Residual cash value at age 100 $2,983,579 $2,983,579
Liability Repayment of the bonus in years 1-7 less policy cash value $0

¹Indexed at 3.00% for a Cost of Living Adjustment.

Executive Trifecta — the Complete Illustration

Up to now, I have been showing you only segments of Executive Trifecta.  Click here to review the complete illustration.  (The Flow Chart on Page 3 is very busy, and you’ll have to study it carefully.)

Conclusion

Both Executive Trifecta and the Controlled Executive Bonus Plan produce exceptional benefits for participants.  Is this an opportunity for you with the business owners and professional advisers in your community?  You bet it is!

Documentation

Documents On A Disk imageThe documentation for Executive Trifecta is different than a typical Executive Bonus Plan.  Version 21.0 (and higher) of InsMark’s Documents On A Disk™ has complete specimen plan documents for this plan in the Executive Trifecta category located in both the Business Owner’s Benefit Plans and the Key Employee Benefit Plans section.  These specimen documents don’t exist anywhere else, so if you use this concept, you will need them.

Click here to watch a short video about documentation for Executive Trifecta. (YouTube has been experiencing difficulties, if the video does not play try it again — or try later.)

 

InsMark’s Digital Workbook Files

If you would like some help creating customized versions of the presentations in this Blog for your clients, watch the video below on how to download and use InsMark’s Digital Workbook Files.

Digital Workbook Files For This Blog

Blog44.zip

Download all workbook files for all blogs

Note:  If you are viewing this on a cell phone or tablet, the downloaded Workbook file won’t launch in your InsMark System.  Please forward the Workbook where you can launch it on your PC where your InsMark System(s) are installed.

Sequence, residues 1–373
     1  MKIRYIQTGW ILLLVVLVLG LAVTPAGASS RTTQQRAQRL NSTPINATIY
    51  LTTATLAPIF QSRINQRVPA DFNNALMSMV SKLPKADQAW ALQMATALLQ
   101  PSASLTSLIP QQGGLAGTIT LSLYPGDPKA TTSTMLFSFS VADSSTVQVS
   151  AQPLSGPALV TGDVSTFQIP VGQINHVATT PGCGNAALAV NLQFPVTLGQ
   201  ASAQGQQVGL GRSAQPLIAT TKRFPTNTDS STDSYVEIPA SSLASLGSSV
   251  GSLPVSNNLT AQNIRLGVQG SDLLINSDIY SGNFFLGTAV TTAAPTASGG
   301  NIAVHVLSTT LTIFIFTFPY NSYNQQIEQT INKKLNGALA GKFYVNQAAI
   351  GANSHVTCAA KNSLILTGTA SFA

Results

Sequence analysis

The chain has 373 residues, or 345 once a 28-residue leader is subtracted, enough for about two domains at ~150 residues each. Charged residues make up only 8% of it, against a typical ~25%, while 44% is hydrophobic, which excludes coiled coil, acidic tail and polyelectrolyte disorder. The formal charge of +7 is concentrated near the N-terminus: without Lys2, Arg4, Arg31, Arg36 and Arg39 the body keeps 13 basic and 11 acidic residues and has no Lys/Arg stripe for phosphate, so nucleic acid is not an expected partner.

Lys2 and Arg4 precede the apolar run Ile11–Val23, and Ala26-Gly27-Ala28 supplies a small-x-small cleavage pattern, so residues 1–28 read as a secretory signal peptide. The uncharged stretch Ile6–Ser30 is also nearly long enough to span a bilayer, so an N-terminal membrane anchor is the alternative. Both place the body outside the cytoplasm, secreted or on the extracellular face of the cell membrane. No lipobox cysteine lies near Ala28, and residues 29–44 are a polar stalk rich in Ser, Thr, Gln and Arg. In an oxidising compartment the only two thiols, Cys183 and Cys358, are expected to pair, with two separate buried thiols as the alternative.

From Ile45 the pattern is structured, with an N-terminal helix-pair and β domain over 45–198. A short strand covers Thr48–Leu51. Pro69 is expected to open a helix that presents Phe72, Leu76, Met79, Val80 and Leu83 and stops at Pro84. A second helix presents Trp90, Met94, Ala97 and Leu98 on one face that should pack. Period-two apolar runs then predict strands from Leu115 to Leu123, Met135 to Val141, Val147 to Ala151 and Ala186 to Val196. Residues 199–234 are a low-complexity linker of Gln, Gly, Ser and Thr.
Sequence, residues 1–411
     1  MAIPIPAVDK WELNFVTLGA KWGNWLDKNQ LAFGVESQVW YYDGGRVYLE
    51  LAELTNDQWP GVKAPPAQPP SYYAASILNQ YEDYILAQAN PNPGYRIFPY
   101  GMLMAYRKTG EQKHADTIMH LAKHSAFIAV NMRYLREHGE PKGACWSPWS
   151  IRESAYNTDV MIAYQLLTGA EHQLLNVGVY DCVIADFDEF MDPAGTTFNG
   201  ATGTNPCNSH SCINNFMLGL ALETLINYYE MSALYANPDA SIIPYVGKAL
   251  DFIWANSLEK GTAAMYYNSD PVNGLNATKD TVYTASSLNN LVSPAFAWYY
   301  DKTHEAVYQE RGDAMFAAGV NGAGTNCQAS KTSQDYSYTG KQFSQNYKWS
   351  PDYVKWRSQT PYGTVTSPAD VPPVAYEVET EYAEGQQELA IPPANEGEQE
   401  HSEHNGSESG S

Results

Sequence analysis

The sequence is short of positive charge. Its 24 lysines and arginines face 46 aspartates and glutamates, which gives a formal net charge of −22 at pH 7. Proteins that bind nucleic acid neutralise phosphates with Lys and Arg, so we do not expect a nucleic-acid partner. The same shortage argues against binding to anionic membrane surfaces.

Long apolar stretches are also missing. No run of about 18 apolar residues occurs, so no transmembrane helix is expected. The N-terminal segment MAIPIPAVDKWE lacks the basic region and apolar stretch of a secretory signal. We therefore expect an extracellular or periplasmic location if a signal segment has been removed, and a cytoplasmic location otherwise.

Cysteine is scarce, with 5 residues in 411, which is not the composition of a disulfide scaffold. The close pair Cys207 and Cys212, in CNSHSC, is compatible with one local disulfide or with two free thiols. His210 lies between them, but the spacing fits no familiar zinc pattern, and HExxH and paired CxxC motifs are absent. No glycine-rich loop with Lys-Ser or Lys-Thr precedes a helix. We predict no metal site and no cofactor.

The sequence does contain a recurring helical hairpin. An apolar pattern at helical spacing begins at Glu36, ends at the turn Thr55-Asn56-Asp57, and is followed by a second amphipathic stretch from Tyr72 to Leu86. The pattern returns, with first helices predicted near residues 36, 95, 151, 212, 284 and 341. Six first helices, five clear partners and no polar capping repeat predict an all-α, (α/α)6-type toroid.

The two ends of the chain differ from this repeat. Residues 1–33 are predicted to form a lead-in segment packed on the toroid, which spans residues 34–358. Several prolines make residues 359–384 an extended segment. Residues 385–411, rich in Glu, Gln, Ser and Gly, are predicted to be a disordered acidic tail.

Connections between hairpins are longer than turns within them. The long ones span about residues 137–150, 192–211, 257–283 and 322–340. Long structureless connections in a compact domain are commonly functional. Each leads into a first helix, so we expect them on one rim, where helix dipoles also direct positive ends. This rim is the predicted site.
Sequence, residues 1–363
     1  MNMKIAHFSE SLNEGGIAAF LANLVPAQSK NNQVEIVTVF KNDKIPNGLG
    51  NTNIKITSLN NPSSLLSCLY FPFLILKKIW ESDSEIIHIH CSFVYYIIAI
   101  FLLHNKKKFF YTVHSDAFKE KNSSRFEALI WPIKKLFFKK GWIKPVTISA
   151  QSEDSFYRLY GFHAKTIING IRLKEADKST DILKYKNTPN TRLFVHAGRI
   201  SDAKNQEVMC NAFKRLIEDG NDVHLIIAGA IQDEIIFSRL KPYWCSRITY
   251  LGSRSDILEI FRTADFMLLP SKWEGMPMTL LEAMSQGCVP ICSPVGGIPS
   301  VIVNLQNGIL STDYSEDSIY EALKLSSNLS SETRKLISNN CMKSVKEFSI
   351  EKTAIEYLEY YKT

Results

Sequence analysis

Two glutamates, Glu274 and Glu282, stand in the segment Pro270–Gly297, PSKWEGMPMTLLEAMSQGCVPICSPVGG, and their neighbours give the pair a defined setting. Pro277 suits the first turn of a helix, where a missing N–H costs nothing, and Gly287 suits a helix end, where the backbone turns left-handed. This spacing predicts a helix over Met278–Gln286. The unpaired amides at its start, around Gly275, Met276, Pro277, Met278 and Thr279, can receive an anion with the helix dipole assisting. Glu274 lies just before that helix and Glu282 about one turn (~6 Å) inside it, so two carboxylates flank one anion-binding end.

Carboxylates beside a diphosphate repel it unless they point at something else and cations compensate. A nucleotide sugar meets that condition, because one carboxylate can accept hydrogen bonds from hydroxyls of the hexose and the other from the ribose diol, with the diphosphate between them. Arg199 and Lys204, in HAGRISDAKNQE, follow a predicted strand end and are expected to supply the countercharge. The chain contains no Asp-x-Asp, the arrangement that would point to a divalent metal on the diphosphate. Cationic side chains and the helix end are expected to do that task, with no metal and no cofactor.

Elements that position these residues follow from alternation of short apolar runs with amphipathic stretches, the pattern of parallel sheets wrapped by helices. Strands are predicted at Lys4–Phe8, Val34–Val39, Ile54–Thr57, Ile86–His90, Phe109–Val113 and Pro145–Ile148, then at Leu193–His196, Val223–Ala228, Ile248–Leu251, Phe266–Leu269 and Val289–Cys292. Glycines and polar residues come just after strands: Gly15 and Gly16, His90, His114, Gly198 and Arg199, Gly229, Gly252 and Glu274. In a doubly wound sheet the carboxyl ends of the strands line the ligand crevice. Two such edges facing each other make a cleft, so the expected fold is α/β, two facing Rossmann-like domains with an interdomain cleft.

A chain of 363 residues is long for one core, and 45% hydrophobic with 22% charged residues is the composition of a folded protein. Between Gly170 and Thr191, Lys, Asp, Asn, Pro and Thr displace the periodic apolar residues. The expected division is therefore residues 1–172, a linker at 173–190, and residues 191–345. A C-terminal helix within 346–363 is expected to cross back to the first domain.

To license the InsMark Illustration System and/or Documents On A Disk, contact Julie Nayeri at julien@insmark.com or 888-InsMark (467-6275).  Institutional inquiries should be directed to David Grant, Senior Vice President – Sales, at dag@insmark.com or 925-543-0513.

Referral Resources

If you would like assistance with an Executive Trifecta illustration for one of your prospects or clients (or help with other InsMark illustrations), contact any of the Referral Resources listed below.  They are all highly skilled at running InsMark software and can help you using your choice of insurance company.  You don’t need to be licensed for InsMark software to use their services — although if you aren’t, we would certainly welcome your participation.  Mention my name when you talk to one of our Referral Resources as they have promised to take special care of my readers.

Joint Interviews

If you want or need help from a qualified producer for joint interviews and are willing to share the case, email us at bob@robert-b-ritter-jr.com, and we will provide you with recommendations.

Testimonial:

“My experience with InsMark’s Executive Trifecta is career changing.  Showing this idea to a business owner is a win-win-win!  The business owner wins by protecting and retaining one of his most valuable assets (a key executive).  The executive wins by being recognized and rewarded for efforts, results, and loyalty.  The financial professional wins by gaining the confidence and business of a new client. This concept can revolutionize a financial services career.”
Kerry L. Walker  CLU, ChFC, InsMark Power Producer, The Walker Firm, Inc.,  Aurora, CO

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More Recent Blogs:

Blog #43: Golden Handcuffs for Tom Hamilton
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Robert B. Ritter, Jr. Blog Archive